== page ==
Nearly 148 Americans live in regions where air pollution levels are a threat to their health, according to the American Lung Association’s 2014 State of the Air report.

The report examined particle pollution from vehicle exhaust, coal-fired plants, and ozone (smog) levels. Air pollution is reported to increase the risk of heart disease, asthma, and lung cancer.

Here are the report’s highlights:

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  • Nearly half of the people in the United States (147.6 million) live in counties with unhealthy levels of either ozone or particle pollution
  • More than 27.8 million people (8.9%) in the United States live in 17 counties with unhealthful levels of all pollutants measured in the report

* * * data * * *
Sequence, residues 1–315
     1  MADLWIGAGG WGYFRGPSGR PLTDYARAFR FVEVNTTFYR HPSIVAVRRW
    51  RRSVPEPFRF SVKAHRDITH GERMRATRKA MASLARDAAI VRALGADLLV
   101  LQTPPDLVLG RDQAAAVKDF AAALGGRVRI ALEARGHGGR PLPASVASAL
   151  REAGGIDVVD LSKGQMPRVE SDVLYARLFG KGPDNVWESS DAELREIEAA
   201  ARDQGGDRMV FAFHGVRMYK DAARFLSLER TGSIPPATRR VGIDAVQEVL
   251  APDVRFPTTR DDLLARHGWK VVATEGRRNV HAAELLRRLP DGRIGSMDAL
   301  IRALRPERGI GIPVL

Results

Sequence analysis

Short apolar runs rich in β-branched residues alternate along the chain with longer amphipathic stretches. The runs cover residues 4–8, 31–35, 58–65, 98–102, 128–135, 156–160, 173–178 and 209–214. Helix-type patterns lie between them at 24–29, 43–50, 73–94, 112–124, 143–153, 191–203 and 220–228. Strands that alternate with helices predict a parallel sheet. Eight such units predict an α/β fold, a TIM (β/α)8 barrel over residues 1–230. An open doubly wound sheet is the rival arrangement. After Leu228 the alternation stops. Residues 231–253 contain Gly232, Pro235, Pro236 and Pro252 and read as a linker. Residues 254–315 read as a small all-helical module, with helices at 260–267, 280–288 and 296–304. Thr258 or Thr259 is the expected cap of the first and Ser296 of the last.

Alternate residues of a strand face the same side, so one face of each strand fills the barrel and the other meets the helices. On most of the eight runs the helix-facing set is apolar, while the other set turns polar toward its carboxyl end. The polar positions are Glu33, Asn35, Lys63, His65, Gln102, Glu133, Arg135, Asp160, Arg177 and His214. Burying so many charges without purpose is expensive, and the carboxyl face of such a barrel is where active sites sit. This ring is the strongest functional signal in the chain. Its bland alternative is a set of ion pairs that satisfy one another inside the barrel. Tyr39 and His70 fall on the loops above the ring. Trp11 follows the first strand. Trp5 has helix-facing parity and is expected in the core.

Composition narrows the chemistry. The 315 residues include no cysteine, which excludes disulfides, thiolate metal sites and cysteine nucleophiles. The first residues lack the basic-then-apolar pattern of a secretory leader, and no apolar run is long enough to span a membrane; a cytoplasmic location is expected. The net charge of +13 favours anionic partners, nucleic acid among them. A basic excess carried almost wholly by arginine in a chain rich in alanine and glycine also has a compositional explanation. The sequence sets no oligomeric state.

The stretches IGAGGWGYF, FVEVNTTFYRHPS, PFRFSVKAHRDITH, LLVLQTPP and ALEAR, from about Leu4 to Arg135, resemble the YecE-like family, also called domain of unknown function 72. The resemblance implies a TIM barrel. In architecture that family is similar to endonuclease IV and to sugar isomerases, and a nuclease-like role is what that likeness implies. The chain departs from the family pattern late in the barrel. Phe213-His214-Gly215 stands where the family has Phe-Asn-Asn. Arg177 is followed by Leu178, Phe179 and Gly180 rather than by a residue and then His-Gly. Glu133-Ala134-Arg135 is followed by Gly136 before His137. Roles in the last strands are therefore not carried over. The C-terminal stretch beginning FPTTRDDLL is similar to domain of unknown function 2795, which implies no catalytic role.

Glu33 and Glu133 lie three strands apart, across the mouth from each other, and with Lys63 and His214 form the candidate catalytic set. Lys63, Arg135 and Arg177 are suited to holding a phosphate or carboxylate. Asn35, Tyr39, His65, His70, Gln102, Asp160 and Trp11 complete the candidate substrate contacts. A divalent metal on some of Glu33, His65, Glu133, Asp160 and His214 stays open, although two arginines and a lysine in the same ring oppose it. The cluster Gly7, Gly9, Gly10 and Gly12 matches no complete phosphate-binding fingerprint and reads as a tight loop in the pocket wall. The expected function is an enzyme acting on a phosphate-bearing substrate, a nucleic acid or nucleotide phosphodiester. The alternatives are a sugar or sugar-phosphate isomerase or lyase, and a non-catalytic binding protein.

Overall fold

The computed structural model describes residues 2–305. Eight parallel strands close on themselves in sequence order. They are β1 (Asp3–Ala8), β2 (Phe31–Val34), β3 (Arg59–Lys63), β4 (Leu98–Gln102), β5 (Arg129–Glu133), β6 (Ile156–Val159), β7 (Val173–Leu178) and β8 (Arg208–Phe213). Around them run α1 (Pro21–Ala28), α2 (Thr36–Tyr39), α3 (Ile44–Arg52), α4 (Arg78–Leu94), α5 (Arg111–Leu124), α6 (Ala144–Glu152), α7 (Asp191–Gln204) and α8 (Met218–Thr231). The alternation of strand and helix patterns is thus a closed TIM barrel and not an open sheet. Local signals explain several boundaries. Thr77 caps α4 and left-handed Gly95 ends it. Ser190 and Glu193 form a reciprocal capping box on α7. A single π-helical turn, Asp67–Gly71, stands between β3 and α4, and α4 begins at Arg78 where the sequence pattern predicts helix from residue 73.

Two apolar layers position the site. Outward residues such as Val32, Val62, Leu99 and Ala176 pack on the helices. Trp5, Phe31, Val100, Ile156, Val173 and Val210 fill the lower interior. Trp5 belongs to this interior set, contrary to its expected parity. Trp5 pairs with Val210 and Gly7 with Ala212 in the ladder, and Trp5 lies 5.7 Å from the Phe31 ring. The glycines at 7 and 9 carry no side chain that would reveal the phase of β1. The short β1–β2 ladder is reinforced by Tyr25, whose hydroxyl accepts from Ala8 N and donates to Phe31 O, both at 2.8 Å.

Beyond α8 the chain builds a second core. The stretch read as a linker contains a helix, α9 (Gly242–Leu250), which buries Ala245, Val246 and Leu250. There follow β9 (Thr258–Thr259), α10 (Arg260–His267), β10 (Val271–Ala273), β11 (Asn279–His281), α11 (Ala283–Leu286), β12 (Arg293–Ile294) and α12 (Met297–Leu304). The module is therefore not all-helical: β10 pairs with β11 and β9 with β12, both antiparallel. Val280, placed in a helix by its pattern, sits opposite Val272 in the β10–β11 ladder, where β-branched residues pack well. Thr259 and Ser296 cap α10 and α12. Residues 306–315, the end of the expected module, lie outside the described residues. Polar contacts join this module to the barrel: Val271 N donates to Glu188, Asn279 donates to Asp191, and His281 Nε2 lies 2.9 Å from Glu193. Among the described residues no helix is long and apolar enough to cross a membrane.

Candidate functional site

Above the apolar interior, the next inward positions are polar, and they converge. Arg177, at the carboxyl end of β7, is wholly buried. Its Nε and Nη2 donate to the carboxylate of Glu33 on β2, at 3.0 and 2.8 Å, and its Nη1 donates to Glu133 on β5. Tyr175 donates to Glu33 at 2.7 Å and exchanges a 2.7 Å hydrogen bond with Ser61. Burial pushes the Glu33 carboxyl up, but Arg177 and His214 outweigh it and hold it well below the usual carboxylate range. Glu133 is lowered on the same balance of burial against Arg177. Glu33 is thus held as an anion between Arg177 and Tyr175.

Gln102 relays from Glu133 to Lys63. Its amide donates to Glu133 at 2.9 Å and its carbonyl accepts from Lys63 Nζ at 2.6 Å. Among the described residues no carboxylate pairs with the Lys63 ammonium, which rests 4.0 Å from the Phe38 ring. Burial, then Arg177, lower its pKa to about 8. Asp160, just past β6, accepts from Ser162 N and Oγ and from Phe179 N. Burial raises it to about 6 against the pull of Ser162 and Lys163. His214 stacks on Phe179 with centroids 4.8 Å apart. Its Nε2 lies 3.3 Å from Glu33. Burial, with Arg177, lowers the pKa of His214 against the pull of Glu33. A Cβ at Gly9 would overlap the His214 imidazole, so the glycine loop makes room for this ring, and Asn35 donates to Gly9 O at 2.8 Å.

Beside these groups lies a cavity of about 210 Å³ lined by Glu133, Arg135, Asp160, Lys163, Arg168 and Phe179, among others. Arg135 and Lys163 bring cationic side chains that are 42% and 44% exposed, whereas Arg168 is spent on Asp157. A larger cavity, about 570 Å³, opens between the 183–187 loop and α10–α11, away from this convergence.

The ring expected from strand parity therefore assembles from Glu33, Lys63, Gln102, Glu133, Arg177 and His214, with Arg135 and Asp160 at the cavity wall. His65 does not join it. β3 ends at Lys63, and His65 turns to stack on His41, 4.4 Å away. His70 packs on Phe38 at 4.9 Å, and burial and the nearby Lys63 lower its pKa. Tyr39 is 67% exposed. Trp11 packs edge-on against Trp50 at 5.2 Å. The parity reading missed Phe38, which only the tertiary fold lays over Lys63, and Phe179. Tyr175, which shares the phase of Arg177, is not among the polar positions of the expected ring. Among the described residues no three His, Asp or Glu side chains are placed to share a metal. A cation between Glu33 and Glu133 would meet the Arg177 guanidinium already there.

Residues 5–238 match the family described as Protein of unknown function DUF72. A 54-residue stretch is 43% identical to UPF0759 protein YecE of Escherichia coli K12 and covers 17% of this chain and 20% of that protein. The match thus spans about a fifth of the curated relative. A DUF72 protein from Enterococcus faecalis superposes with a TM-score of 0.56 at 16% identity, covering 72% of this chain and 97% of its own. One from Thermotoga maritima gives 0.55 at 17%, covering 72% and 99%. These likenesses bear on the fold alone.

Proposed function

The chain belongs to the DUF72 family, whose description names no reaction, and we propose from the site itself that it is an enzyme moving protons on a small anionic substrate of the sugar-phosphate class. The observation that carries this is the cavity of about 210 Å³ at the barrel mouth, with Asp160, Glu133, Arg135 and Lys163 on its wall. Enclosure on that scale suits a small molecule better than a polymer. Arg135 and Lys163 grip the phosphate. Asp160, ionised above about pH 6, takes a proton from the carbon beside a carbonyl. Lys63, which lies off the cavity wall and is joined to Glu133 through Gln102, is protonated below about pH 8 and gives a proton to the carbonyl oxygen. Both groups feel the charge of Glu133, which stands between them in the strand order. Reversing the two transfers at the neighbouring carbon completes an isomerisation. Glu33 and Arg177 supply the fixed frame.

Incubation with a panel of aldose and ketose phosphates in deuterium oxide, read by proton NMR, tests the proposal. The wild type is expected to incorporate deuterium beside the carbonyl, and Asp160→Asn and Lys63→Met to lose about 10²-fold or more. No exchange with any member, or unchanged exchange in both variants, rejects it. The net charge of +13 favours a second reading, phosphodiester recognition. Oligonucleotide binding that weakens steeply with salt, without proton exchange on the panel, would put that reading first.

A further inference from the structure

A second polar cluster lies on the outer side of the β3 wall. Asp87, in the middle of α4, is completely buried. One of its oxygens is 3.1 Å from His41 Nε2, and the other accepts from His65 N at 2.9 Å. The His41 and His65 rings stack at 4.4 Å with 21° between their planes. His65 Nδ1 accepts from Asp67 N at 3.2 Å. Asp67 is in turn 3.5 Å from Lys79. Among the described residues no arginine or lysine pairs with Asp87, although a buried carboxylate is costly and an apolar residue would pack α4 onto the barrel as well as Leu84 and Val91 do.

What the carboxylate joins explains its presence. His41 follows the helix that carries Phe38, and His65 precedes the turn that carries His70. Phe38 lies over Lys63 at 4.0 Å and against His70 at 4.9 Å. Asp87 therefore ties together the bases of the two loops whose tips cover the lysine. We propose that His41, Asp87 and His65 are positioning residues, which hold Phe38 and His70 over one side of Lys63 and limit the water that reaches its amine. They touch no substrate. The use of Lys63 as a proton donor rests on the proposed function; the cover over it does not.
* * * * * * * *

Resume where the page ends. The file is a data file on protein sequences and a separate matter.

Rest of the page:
• Twenty-two of the 25 most ozone-polluted cities in the 2014 report – including Los Angeles, New York City, and Chicago – had more high ozone days on average when compared to the 2013 report
  • Thirteen of the 25 cities with the worst year-round particle pollution reached their lowest levels yet, including Los Angeles, Atlanta, Pittsburgh and Bakersfield

Although the United States has made progress in providing healthier air, the ALA issued a warning for several at-risk groups:

  • Infant, child, teenage and senior patients
  • Patients with lung diseases like asthma or COPD
  • Patients with heart disease or diabetes
  • Low-income patients
  • Patients who work or exercise outdoors

“Ozone was much worse in 2010-2012 compared to 2009-2011, likely due to warmer temperatures, especially in 2012,” wrote the ALA. “Fortunately, even these higher levels represent much better air quality compared to ten or 15 years ago.”